At his seminar’s first meeting since war began over spring break, political science professor Keith Darden asked his students to vote on whether to devote a week to discussion of the war in Iraq. They decided in favor of the idea, and chose to meet outside their scheduled class time to make up what they missed.
Like Darden, some Yale professors, particularly in the history and political science departments, have discussed the war in their classes during the past week. But professors in other departments have chosen not to devote class time to the issue. And many of those who did lead discussions on the topic have been hesitant to share their own views on the war with their students.
“I think the students are very eager to hear about the war, to speak about the war, to discuss it with each other and within the classroom setting,” political science professor Charles Hill said.
While political science classes like those taught by Darden and Hill can draw obvious connections between the war and the subject matter of the courses, professors in other departments have chosen a greater variety of approaches to the topic.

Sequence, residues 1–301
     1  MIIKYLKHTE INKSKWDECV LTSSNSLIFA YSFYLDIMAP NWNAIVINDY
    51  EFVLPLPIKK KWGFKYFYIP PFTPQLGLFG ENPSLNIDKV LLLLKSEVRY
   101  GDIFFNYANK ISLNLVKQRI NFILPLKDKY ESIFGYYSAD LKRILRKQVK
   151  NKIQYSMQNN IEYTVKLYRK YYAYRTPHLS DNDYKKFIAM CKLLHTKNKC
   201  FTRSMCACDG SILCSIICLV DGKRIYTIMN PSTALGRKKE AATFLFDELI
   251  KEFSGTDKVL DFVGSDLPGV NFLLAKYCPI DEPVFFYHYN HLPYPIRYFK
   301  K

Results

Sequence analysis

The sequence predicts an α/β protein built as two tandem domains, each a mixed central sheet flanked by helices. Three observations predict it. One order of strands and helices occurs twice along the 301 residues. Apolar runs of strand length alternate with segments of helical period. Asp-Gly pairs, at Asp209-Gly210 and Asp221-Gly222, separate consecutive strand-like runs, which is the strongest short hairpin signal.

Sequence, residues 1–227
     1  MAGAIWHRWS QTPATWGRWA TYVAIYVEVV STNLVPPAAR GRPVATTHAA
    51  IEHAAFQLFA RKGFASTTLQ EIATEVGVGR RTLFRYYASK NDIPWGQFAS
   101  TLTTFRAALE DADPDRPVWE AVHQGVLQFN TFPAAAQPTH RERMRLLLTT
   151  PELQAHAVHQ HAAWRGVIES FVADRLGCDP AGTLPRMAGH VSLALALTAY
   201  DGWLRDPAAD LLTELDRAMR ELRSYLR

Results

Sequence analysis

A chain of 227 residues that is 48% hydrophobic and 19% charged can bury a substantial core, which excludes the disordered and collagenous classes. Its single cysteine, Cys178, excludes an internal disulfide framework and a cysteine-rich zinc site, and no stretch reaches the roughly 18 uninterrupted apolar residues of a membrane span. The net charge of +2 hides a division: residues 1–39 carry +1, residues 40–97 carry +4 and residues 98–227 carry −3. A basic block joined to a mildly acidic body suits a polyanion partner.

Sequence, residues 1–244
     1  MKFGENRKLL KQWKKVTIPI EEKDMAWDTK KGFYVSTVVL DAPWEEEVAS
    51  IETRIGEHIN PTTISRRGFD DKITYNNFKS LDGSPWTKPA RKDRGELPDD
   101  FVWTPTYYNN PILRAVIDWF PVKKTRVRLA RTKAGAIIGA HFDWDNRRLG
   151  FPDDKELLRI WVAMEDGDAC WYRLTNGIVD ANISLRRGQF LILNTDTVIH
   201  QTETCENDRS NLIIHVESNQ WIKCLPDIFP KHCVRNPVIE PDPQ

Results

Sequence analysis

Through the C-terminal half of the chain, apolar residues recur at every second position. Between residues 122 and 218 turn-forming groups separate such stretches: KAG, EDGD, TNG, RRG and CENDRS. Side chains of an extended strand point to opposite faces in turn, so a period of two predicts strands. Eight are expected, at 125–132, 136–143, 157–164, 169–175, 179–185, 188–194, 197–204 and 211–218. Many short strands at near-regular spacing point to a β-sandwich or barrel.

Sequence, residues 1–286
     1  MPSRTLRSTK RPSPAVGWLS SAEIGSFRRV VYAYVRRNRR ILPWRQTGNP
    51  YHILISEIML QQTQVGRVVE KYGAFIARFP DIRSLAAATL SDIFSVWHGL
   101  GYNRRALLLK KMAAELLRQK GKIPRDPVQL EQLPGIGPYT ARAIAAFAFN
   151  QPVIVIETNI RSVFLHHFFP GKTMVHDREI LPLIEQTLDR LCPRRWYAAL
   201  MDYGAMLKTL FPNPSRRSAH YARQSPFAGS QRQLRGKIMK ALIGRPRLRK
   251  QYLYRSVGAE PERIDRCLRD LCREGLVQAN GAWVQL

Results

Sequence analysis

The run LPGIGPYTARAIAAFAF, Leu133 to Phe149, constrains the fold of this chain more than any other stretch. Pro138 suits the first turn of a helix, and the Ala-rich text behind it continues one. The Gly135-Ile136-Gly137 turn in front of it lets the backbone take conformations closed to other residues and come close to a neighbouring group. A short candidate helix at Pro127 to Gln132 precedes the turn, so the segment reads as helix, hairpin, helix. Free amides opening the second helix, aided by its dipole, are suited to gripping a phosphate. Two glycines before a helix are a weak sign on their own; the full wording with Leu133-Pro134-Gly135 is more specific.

Anthropology professor Enrique Mayer said he is not currently addressing the situation in his classes, though he may do so in the future if he finds it appropriate.
“There are so many opportunities to discuss [the war], I tend to stick with my subject matter,” Mayer said.
Students said many other professors have also chosen not to talk about the war, though some have tried to give students perspective on the war as it relates to the subjects of their classes.
Azusa Ueno ’06 said her French professor e-mailed the class an article about the French view of events in Iraq but has not talked about the war in class.
“Although not everyone mentions it, it’s always in the back of our minds,” Ueno said.
Some professors who have discussed the war with their classes said they generally share their own opinions when asked, but only as part of a discussion, not with the intention of imposing their views.
“I try and keep my opinions to myself but sometimes they come out, sometimes the students can guess,” history professor Andrew Preston said. “I think it’s appropriate for the professor to let his or her views be known, but not to dominate the class with the views. That’s a really fine line.”
Preston said he did not think that Yale students were looking for guidance, so he only presents his views as part of class discussion or in order to stimulate debate.